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A small square next to Novokuznetskaya underground station hall has always been a favorite with the muscovites. In summer the place where the fountain is located now used to be all cafes bustling with people. To be fair, there are still lots of people here today. It’s a lively spot. Street musicians play here in the evenings, the youths hang out. When the fountain appeared a few years ago, the locals flinched at first because of its looks, but everyone got used to it eventually. Even the photographs with it in the background turn out rather lovely.
Back in the day, before the 1930s, during the soviet rule the Church of Paraskeva Piatnitsa stood in this very place. That is why the street is named Piatnitskaya. The church was beautifully done in a baroque style, with an intricately carved iconostasis. The temple was knocked down and the priest was shot. And now there is this fountain with biblical history behind it – the Adam and Eve. One more interesting detail: most of Moscow’s monumental sculptures are the work of male craftsmen. Yet this fountain was sculpted by the Levonsky mother and daughter. Things do change, after all.
Cultured people are frequently enraged by the fact that the fountain of such biblical implications stands on the former location of the Church of Paraskeva. Paraskeva Piatnitsa led an ascetic lifestyle, was tortured and beheaded during the reign of Diocletianus, remaining a virgin. Her parents named her Piatnitsa (or Friday) because she was born on this day of the Lord’s suffering on the cross… Yet none of this seems to be of concern to our contemporaries, who sincerely believe that Friday is simply a legitimate end-of-the-working-week reason to celebrate freedom from the office walls. It has to be said that the party atmosphere in the street is encouraging the celebrations indeed.
St. Paraskeva Pyatnitsa was a Holy Christian Martyr of the 3rd Century. Her name in Greek means 'The Eve Of The Feast of Friday'. Paraskeva lived during the reign of the Emperor Diocletian, in the city of Ikonium in Asia Minor. She was beheaded during a purge directed at Christian believers. Paraskeva is considered the patron saint of fields and livestock. Her intercession is also sought in cases of mental disturbance – which can also include, for example, the effects of alcoholism.
In orthodox Christianity the image of Paraskeva Piatnitsa has long been fused with the pagan Slavic goddess Mokusha, the spinner of fate. She is also the goddess of fertility and the mother of all harvests. One of the days when Mokusha receives special worship is the Friday closest to April, the 8th. Another important day is the 28th of October (according to the old Julian calendar), and that is the Paraskeva Piatnitsa (or Paraskeva Friday).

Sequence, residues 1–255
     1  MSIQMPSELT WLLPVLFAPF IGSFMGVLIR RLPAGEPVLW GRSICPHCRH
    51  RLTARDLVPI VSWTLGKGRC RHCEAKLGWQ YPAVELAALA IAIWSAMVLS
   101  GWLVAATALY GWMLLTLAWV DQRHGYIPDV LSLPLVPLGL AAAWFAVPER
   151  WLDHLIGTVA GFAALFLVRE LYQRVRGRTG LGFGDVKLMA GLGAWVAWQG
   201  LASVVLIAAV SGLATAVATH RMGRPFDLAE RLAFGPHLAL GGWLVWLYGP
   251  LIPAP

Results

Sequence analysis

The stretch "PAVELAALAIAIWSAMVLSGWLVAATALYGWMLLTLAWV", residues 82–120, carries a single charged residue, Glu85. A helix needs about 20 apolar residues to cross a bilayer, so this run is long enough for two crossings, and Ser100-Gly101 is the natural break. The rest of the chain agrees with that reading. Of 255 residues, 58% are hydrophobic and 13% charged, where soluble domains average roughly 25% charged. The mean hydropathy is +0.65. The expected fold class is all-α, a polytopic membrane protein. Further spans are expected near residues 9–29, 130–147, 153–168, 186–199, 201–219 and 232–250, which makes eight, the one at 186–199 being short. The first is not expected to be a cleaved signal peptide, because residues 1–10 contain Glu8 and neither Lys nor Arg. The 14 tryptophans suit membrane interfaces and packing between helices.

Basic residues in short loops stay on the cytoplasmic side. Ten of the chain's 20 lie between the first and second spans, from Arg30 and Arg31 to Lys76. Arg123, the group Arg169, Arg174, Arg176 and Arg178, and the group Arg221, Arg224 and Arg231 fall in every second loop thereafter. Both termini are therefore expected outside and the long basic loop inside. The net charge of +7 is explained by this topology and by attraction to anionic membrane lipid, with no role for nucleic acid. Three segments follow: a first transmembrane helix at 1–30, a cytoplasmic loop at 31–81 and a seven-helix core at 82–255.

The metal associated with Mokusha is silver, the stone is rhinestone. The beast of Mokusha is the cat. The symbols associated are yarn, clew of wool and spindle. Spiders are Mokusha’s servants. Mokusha is also associated with the thin cord bracelets worn around one’s right wrist.
The territories of historical district Zamoskvorechye lie on the right (southern) bank of the Moskva River. They joined Moscow in the 14th century when Russian lands used to suffer from the Golden Horde raids. The settlers mainly were soldiers, handicraftsmen and merchants. Their life was organized in a patchwork sloboda system. In 1591-1592 during the reign of Feodor I the fortified wall on the site of the present-day Garden Ring was built. Even now, one can easily understand from the street names what occupation the residents had centuries ago. For example, royal garden attendants (садовники, sadovniki) settled in the beginning of present-day Sadovnicheskaya Street from 1495 until the fire of 1701; tanners specializing in sheepskin (oвчинники, ovchinniki) gave their name to Ovchinnikovsky Lanes; royal mint workers (монетчики, monetchiki) – to Monetchikovsky Lanes, Court translators (толмачи, tolmachi) to Tolmachevsky Lanes. Bolshaya Ordynka Street was named after Orda, was the road to the Golden Horde, and was initially home to the Tatar community.
During our tour we are going to tell you about famous historic buildings in Pyatnitskaya Street, the main walking street of the district. We will walk around the State Tretyakov Gallery and listen to the story about the Tretyakovs, famous Russian businessmen, collectors and patrons of art, and the history of their collection and Gallery building.
There is also the house and museum of another famous Russian businessman and patron of art - Bakhrushin museum of theater, built in 1896.
Famous Russian writer Alexander Ostrovsky also lived in Zamoskvorechye, in Malaya Ordynka street. If you like his works you can visit his house-museum.
Zamoskvorechye is famous for its churches: Church of St. Sophia Of God's Wisdom on Gardener's Island and its belfry, Church of St. George the Victorious in Endova, The Church of the Ikon “the Joy of All Who Suffer”, The Church of St Nicholas at Pyzhakh, etc. Each of them has its own history and mystery.
With Your Audio Guide you will go through all the streets and lanes, get familiar with some interesting yards, explore the legends and myths and find out the truth. You will relax on the benches of Bolotnaya square; take pictures of the Kremlin domes, Giant Peter the Great statue, river embankments, learn about the former Mamontov Hotel and super deluxe Balchug-Kempinsky.